Lino is correct: I am the one who introduced the search suggestions sound facility, although it was Jamie Teh (now at Mozilla) who produced these sounds. The search suggestions facility was originally part of Windows App Essentials add-on before it became a part of NVDA in 2017, and I consider this feature one of my accomplishments. Lino is also correct in that suggestion sounds idea came from Narrator, and unlike NVDA, I don't think suggestion sounds can be turned off in Narrator (last time I checked which was a few minutes ago).
To explain the choices I made back in 2017 which I abide by five years later, I feel a really deep overview of suggestion sound feature internals is in order. I hope this can shed light on what's going on so you can better understand why such and such decisions were made:
As some of you may know (or I should say everyone reading this message will know by now), I am one of the first Windows Insiders, joining the program the day after Microsoft announced Windows 10 (Windows 10 was announced on September 30, 2014, and I became a Windows Insider the following day and installed the first build offered (9841)). As such, one thing I constantly did (and still do to this day) is keep track of Narrator features with a conviction that Narrator is a gold standard when it comes to supporting modern Windows features; this is because Narrator attempts to read what UIA (UI Automation) says to it, unlike NVDA (and other screen readers) which come with some workarounds.
One thing that fascinated me from those days, which was confirmed by reports from Windows Insiders, is how Narrator can announce suggestions. This was made more fascinating when I observed that Narrator makes a sound when suggestions appear and disappear. Although it won't be until late 2015 that I will introduce Windows App Essentials add-on, there were suggestions to let NVDA announce search suggestions. So I decided to investigate what's up and learned a few things while designing the feature Gene and others are talking about.
The origin of what we would call "search suggestions" was introduced in Windows Vista (I seem to recall some of you listening to a set of tutorials I made on Windows Vista back when I was a high school student). As folks pointed out, when you search things in Start menu, it will return suggestions. This was enhanced in subsequent Windows releases, with user interface changes in Windows 8.x and the appearance of Start menu as we know it in Windows 10. While the underlying mechanisms differ, the different iteration of Start menu from Windows Vista onwards carry a search box and results list as standard.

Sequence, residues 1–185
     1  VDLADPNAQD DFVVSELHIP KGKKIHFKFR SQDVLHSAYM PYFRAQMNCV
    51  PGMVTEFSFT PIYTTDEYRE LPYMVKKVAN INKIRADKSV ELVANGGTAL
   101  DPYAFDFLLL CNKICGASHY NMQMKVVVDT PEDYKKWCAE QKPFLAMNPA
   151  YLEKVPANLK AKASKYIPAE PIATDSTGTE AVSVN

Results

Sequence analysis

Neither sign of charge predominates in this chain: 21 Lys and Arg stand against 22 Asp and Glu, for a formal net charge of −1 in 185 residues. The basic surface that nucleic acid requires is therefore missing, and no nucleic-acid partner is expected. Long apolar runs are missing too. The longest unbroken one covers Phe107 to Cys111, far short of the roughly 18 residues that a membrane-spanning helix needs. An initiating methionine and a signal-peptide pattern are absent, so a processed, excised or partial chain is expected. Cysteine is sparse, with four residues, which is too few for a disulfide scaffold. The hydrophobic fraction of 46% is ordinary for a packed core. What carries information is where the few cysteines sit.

It won't be until Windows 8.x that Start menu (back then, it was Start screen) would gain the necessary foundations to make suggestions announcement more accessible. To accomplish suggestions announcement, two UIA events and a concept of a controller for element array is used. A controller for element is a UI element that depends on actions from another element. For example, when you search things in Start menu, the resulting suggestions list is the controller for element of the search field. Thus when search terms change, so does the suggestions list. Internally, UIA returns an array of controller for elements, and in our case, this array (list) contains the suggestions list itself. The appearance of controller for element is indicated by a UIA controller for event, which is the actual mechanism that allows NVDA to play suggestions sound when configured to do so.